The mask with the clay nose lay on a small table nearby. Referring to it with quick side-glances, Schoenmaker inserted the saw blade through one of the incisions he'd made, and pushed it up to the bony part. Then lined it up with the line of the new nose-roof and carefully began to saw through the nasal bone on that side. "Bone saws easily," he remarked to Esther. "We're all really quite frail." The blade reached soft septum; Schoenmaker withdrew the blade. "Now comes the tricky part. I got to saw off the other side exactly the same. Otherwise your nose will be lopsided." He inserted the saw in the same way on the other side, studied the mask for what seemed to Esther a quarter of an hour; made several minute adjustments. Then finally sawed off the bone there in a straight line.
"Your hump is now two loose pieces of bone, attached only to the septum. We have to cut that through, flush with the other two cuts." This he did with an angle-bladed pull-knife, cutting down swiftly, completing the phase with some graceful sponge-flourishing.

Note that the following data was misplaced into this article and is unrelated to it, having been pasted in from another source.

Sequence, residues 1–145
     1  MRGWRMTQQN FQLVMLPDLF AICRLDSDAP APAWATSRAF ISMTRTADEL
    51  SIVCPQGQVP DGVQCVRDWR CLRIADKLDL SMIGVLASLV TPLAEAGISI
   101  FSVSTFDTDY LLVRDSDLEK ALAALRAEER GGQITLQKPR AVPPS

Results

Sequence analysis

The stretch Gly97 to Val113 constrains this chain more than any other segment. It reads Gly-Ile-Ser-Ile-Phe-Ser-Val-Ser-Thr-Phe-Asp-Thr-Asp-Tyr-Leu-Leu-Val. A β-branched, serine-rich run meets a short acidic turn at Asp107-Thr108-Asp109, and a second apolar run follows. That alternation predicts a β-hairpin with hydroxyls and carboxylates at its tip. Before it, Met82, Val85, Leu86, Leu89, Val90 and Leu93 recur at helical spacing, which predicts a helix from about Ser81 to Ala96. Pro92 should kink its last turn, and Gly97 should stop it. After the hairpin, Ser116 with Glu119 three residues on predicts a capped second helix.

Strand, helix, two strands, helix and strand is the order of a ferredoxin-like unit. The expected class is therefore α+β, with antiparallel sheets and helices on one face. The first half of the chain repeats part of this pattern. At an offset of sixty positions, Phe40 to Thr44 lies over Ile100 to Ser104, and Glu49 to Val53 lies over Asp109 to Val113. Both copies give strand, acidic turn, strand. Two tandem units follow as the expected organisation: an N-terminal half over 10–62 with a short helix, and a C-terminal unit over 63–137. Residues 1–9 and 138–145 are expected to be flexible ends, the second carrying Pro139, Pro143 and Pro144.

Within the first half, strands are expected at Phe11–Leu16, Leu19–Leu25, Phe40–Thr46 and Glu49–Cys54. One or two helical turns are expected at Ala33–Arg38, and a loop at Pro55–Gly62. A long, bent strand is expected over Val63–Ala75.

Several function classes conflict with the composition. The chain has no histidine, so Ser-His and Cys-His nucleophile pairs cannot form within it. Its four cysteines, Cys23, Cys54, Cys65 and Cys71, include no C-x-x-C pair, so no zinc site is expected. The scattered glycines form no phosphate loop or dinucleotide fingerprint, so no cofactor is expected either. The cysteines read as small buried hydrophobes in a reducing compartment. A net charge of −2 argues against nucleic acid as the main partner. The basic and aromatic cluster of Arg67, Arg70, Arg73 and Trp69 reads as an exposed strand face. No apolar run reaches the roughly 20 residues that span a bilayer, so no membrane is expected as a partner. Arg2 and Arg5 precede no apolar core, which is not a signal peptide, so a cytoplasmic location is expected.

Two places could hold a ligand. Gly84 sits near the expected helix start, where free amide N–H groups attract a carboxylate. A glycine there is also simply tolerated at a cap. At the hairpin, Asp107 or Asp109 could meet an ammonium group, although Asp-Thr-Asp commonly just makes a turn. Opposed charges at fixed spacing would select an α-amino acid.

"And now the hump floats inside the nose." He pulled hack one nostril with a retractor, inserted a pair of forceps and fished around for the hump. "Take that back," he smiled. "It doesn't want to come just yet." With scissors he snipped the hump loose from the lateral cartilage which had been holding it; then, with the bone-forceps, removed a dark-colored lump of gristle, which he waved triumphantly before Esther. "Twenty-two years of social unHappiness, nicht wahr? End of act one. We'll put it in formaldehyde, you can keep it for a souvenir if you wish." As he talked he smoothed the edges of the cuts with a small rasp file.
So much for the hump. But where the hump had been was now a flat area. The bridge of the nose had been too wide to begin with, and now had to be narrowed.
Again he undermined the nasal bones, this time around to where they met the cheekbones, and beyond. As he removed the scissors he inserted a right-angled saw in its place. "Your nasal bones are anchored firmly, you see; at the side to the cheekbone, at the top to the forehead. We must fracture them, so we can move your nose around. Just like that lump of clay."
He sawed through the nasal bones on each side, separating them from the cheekbones. He then took a chisel and inserted it through one nostril, pushing it as high as he could, until it touched bone.